Trip Report WWW2007 - May 8-12 2007, Banff, Canada
the Web history event at WWW2007 was organized by the Web History Center, a non-profit organization dedicated to preserve the history of the Web and included the following activities:
the web history reception took place on the evening of the first day of the conference at the riverview lounge. after the buffet, marc weber and bill pickett (co-founders of Web History Center, WHC) plus bebo white (initiator of first Web History Event in 1997) gave a brief overview of what we might expect during the the Web history track which took place the next day. they also asked people to visit the Web history exhibit at ivor petrak room, which was open all day during the conference.
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the web history track included the following presentations:
marc weber (co-founder of the WHC) presented the Web History Center (WHC), which is hosted by the computer history museum in mountain view, california, why it was founded and what it does. to my understanding, the WHC was suggested by robert cailliau, because he was concerned that his and other people's documents might get lost soon if nobody starts to preserve the only digitally available information. the WHC now collects not only important documents and entire websites, but they also preserve software, hardware and artifacts, which are valuable and/or represent important steps during the evolution of the Web and the pre-Web history. a number of large organizations already support the WHC and more organizations are welcome. they also welcome any donations by organizations or individuals which represent milestones on the Web's timeline. in addition, the WHC works closely together with the webarchive.
hermann maurer (inventor of Hyper-G) recalled the story of early developments in the hypertext area, including the invention of videotex, minitel and MUPID. according to hermann maurer, a british engineer suggested as early as 1976 to use the equipment, which was already present in many households, to be used for interactive communications: the TV set and the telephone. the combination of these two devices allowed to present information on the TV screen and to select "things" such as pieces of information or items to be purchased by pressing the corresponding key on the phone. this invention became known as "videotex". later, they combined the TV set and the modem into one device in france, this new device became known as minitel. in austria, hermann maurer was involved in the development of a similar device called MUPID. this device did not only support the distribution of information, but also micropayment, the download of applications such as spreadsheets or games and even provided an SMS-like communication between endusers.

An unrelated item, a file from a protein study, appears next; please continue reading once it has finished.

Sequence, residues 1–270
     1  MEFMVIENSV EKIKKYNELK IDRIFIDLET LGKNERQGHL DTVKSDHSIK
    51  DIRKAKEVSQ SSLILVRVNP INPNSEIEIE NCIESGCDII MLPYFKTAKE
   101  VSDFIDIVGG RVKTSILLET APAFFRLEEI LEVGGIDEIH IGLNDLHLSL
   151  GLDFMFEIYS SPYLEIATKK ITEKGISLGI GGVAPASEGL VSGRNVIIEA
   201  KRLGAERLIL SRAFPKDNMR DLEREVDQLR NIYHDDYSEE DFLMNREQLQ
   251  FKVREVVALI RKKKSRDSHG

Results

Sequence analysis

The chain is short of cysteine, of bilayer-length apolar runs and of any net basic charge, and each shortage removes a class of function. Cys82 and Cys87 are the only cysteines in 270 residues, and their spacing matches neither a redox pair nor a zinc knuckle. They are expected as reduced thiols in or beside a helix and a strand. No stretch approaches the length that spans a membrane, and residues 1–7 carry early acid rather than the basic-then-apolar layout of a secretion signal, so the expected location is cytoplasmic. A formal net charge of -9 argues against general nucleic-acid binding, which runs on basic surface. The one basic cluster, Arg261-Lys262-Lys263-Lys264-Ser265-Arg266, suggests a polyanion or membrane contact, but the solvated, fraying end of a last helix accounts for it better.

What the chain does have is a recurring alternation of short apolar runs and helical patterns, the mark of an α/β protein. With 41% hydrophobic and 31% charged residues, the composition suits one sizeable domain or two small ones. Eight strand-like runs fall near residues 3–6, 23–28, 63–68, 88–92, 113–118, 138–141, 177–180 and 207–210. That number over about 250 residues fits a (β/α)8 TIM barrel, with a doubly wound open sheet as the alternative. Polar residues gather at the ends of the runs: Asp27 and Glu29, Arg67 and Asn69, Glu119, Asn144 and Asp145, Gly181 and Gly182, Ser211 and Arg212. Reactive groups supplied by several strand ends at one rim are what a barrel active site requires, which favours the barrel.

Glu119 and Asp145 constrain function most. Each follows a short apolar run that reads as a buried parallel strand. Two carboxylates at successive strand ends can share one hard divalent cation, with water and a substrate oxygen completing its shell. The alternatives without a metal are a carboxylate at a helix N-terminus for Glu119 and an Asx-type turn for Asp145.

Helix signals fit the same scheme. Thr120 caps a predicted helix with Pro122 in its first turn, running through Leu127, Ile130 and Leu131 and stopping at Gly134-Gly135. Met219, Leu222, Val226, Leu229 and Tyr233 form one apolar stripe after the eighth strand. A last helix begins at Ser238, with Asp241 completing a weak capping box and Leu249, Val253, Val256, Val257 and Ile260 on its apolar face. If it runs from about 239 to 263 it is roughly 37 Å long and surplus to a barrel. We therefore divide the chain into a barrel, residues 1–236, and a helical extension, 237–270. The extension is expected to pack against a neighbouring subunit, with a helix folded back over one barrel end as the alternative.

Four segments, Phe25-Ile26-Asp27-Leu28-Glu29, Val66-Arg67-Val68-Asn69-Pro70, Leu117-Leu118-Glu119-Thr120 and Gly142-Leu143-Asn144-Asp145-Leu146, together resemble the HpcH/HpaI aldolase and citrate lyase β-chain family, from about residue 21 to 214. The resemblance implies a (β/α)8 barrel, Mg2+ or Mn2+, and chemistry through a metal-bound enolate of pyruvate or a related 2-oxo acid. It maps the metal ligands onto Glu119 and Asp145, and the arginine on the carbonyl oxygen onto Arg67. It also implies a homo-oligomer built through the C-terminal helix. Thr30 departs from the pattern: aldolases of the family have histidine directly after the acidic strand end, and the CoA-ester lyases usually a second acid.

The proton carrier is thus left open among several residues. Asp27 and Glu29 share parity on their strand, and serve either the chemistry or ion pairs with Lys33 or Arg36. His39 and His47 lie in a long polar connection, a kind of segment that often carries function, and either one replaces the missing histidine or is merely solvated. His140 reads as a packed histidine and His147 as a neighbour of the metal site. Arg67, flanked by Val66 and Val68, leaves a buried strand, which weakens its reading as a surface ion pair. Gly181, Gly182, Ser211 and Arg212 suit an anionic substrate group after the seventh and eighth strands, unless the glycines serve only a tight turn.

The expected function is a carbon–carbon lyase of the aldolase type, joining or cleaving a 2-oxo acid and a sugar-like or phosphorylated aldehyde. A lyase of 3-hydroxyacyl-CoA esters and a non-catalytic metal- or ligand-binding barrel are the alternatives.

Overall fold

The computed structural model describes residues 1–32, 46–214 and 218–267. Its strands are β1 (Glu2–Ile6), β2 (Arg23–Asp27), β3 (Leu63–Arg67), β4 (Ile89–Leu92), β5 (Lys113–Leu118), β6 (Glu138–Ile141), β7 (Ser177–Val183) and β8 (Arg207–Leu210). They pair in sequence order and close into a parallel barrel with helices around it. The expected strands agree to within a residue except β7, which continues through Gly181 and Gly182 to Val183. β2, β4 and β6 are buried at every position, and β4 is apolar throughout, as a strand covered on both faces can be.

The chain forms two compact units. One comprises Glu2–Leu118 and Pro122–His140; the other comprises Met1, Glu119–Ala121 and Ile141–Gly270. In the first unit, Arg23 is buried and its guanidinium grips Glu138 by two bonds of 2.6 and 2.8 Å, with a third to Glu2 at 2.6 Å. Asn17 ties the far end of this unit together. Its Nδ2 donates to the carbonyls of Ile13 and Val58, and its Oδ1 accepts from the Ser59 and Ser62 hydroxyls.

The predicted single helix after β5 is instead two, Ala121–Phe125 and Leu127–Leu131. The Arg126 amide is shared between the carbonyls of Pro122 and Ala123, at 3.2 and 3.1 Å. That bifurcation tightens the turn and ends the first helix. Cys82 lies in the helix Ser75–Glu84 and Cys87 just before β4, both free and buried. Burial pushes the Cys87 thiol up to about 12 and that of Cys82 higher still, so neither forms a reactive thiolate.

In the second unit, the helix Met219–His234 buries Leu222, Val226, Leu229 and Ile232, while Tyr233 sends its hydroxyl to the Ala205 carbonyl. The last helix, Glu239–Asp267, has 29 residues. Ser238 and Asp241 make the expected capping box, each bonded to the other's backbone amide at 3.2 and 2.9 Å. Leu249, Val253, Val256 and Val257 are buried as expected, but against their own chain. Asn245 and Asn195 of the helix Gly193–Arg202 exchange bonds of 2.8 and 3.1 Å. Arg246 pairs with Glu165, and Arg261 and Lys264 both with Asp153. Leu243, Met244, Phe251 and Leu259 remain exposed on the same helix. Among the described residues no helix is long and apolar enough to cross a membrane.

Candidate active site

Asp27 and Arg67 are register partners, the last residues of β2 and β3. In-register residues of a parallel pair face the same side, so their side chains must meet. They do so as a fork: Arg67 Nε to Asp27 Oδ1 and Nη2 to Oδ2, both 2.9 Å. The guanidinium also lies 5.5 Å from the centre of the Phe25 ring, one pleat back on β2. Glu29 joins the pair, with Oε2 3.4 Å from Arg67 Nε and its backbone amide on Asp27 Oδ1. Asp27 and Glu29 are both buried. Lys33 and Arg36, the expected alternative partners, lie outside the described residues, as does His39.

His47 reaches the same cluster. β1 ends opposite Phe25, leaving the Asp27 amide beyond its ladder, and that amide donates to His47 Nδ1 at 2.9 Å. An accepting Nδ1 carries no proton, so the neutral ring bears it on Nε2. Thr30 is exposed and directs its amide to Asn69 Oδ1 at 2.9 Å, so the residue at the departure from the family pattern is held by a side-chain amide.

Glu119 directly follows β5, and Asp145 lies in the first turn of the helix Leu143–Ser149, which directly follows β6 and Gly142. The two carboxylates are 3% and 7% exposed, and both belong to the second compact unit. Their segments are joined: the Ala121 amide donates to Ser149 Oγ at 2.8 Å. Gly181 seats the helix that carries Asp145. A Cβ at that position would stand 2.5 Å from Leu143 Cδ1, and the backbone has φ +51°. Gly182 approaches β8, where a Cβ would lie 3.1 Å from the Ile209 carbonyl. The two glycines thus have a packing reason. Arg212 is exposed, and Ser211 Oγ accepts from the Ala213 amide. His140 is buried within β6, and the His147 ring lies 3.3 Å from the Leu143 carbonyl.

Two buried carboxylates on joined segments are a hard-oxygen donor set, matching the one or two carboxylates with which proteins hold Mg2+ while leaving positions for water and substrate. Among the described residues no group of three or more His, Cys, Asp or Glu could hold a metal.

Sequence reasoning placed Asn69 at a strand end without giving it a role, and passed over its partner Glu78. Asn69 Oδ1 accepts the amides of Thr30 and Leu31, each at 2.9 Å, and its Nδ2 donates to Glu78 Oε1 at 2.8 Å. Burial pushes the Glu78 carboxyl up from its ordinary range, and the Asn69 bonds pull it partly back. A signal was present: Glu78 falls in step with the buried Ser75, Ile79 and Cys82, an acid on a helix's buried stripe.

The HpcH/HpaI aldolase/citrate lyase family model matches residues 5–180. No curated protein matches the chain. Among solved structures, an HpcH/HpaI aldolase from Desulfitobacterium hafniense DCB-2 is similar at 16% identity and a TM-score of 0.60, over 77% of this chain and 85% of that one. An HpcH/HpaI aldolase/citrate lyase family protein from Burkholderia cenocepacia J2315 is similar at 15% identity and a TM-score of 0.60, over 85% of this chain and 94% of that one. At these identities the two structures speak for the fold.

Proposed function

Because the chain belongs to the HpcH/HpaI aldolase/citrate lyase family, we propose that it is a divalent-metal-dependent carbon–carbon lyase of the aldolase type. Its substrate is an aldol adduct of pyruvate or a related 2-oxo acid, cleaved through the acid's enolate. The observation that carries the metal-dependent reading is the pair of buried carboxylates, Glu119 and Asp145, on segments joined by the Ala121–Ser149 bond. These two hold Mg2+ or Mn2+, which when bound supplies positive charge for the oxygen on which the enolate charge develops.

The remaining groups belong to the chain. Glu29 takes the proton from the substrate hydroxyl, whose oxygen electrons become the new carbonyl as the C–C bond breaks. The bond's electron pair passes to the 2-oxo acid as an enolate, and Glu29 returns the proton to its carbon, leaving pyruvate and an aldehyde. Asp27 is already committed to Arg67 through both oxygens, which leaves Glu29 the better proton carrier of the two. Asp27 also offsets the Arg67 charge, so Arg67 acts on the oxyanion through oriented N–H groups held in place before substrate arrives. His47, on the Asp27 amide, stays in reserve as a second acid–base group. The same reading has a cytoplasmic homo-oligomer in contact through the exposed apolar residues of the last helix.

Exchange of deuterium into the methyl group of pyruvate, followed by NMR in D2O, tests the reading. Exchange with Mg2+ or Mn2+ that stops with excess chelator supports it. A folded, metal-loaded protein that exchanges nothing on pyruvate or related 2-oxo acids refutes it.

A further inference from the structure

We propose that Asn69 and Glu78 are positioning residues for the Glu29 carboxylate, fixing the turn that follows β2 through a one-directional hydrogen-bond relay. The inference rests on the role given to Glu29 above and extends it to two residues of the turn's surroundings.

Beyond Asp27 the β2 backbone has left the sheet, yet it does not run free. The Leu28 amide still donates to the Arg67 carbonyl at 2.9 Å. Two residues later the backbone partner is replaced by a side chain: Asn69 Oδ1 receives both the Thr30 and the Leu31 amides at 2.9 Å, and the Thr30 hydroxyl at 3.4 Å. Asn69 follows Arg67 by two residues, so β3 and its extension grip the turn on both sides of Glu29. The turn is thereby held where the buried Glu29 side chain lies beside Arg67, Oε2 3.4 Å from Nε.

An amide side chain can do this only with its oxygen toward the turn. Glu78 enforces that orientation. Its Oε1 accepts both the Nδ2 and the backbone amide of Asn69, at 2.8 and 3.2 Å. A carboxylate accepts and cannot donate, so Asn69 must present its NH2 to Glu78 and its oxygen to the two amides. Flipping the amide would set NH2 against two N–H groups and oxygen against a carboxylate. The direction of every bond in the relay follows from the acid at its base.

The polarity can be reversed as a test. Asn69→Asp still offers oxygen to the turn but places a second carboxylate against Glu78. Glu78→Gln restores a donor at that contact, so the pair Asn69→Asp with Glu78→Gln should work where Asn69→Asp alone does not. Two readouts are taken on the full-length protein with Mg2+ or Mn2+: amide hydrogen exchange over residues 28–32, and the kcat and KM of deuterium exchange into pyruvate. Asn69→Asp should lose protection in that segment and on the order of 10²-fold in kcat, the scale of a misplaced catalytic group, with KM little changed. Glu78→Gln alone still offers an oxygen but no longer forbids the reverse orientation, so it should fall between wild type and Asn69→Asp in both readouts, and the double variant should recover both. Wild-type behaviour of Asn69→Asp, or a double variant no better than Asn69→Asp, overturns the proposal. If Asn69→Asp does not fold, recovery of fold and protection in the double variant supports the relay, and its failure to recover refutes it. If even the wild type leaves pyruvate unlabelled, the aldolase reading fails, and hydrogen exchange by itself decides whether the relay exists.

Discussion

marty tenenbaum and allan schiffman recalled the story of early e-commerce applications and activities, namely CommerceNet.
john toole (manager of the computer history museum) presented his institute and mentioned a couple of rare items they have on display. he explained what they do and how they try to preserve valuable artifacts for the future, which not only includes hardware, but also software, which might be especially difficult to preserve, since it may require special devices and/or knowhow.